Thousands of ETFs will see their MSCI ESG rating downgraded with hundreds more set to be stripped completely as the index provider tightens its methodology on what can be considered ESG.
A research note published by BlackRock said MSCI is set to tweak several aspects of its ESG rating methodology, including removing the adjusted factor from ESG fund rating calculations and lowering the coverage requirement for fixed income funds from 65% to 50%.
In addition, swap-based funds will be excluded entirely from the MSCI ESG fund rating coverage universe, meaning over 400 swap-based ETFs will be stripped of their rating.
The changes, which will be implemented from Q2, are set to have a major impact on the European ETF landscape and comes at a time when regulators are intensifying their scrutiny of asset managers in a bid to stamp out greenwashing.
The top-tier triple-A-rated ETF universe will be almost totally wiped out following the changes, falling from 1,120 to just 54, according to the report.
Overall, BlackRock said almost two-thirds of the European ETF market will be rated lower or removed from coverage by MSCI.
Swap-based, or synthetically-replicated ETFs, have been called into question in recent months as investors can often find themselves with unfriendly stocks via the collateral held by the ETF.
In January, Ossiam announced it was switching from synthetic to physical replication on the Ossiam STOXX Europe 600 ESG Equal Weight UCITS ETF (S6EW) following demand from investors.
Last year, the French regulator Autorité des Marchés Financiers (AMF) told investors to be “extremely vigilant” on the use of synthetic ETFs, noting the lack of transparency around the ESG characteristics.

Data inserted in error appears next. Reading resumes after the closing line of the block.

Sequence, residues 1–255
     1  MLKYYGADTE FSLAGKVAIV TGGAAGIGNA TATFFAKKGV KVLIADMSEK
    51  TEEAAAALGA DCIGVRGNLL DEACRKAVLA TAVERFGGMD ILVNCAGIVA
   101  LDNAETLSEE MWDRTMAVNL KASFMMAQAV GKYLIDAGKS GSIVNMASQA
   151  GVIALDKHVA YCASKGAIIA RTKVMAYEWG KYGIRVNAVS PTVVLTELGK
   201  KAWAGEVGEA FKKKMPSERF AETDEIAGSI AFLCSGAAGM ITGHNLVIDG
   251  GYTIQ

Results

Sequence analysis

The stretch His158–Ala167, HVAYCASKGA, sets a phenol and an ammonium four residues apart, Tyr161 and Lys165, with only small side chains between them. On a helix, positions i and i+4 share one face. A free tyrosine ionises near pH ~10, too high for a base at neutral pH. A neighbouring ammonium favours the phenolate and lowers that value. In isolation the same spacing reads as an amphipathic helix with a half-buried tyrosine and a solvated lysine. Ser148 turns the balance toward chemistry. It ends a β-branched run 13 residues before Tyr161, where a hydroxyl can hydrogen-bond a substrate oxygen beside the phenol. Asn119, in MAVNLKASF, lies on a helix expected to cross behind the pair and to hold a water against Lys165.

MSCI said ratings providers may rate the fund's underlying index exposures, rate a proxy index and or rate the collateral.
"MSCI ESG research is actively exploring methods to provide a rating for swap-based ETFs based on the underlying index," it added.
Alex Matturri, former CEO of rival S&P Dow Jones Indices, agreed with MSCI’s decision to eliminate swap-based products from its ESG ratings but criticised the move to eliminate the adjustment scores.
“From an ESG risk perspective, looking through a swap-based product to the underlying index is appropriate as that is what the investor should be focused on, not the swap collateral,” he said.
“Eliminating an adjustment for improving ESG scores, on the other hand, can penalise companies that are modifying their business practices in a positive way, which is one of the goals for using capital markets to change corporate behaviour and forcing companies to prepare for the energy transition.”
MSCI said it would be simplifying the adjustment factor process which currently considers whether ESG laggards of the fund have improved or worsened their ESG rating from their previous score.
“Improvement in a company's behaviour should be rewarded. Measuring just a current snapshot doesn't tell the full story,” Matturri added.
In a statement, MSCI said: "The upcoming methodology change will remove the ‘adjustment factor’ from the calculation so that a fund’s ESG Rating will be based solely on the ESG scores of its underlying holdings.
"The corporate and government ESG ratings methodologies do not include an ‘adjustment factor,’ so this change will also lead to greater alignment between issuer and fund ESG ratings."